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April 16, 2024 

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HARROD-DOMAR MODEL: A model economic growth developed by R. F. Harrod and E. D. Domar that seeks to explain why an economy would not grow as fast has its potential growth rate. This model is based on the notion that actual income determines the amount saving, which is determines investment, which is what affects the rate of economic growth. If saving is not enough, the potential growth rate will not be achieved. The Harrod-Domar model, developed in the 1930s, has a strong Keynesian economic flavor, both indicating that the economy does not automatically achieve its potential.

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THRIFT INSTITUTIONS: Non-profit depository financial institutions that were originally established to provide limited banking services, often to specific groups, that were not adequately offered by traditional banks. The three primary thrift institutions are credit unions, savings and loan associations, and mutual savings banks. In recent decades these thrift institutions have broaden the range of financial services, especially offering checkable deposits, and thus operate as banks. In particular, that come under the same monetary policy regulation as traditional banks.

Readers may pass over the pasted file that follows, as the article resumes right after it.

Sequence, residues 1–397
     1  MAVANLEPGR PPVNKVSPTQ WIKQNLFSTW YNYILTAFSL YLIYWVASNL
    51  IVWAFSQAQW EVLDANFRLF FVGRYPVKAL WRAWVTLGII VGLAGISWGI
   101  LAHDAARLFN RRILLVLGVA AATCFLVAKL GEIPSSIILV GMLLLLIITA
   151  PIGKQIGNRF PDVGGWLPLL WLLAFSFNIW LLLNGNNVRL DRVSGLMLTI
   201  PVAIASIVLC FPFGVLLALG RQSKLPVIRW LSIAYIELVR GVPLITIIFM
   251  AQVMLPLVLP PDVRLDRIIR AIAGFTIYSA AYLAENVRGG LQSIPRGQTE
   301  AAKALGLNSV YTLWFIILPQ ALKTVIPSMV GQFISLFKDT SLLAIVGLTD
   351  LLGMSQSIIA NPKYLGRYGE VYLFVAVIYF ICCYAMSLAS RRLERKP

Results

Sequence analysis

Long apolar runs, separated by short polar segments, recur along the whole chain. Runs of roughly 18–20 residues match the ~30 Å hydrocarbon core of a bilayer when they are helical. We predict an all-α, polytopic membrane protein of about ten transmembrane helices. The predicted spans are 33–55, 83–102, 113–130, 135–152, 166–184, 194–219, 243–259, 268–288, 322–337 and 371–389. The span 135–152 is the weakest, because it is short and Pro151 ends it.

See also | banking | banks | savings and loan associations | credit unions | mutual savings banks | traditional banks | fractional-reserve banking |


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IMPERFECT COMPETITION

Markets or industries with two or more sellers and buyers that fail to match the criteria of perfect competition. The most noted examples of imperfect competition are the two market structures with selling-side control--monopolistic competition and oligopoly. Lesser known market structures with buying-side control--monopsonistic competition and oligopsony--are also considered as imperfect competition. Facing no competition, monopoly and monopsony are not included. Most real world markets can be considered imperfect competition.

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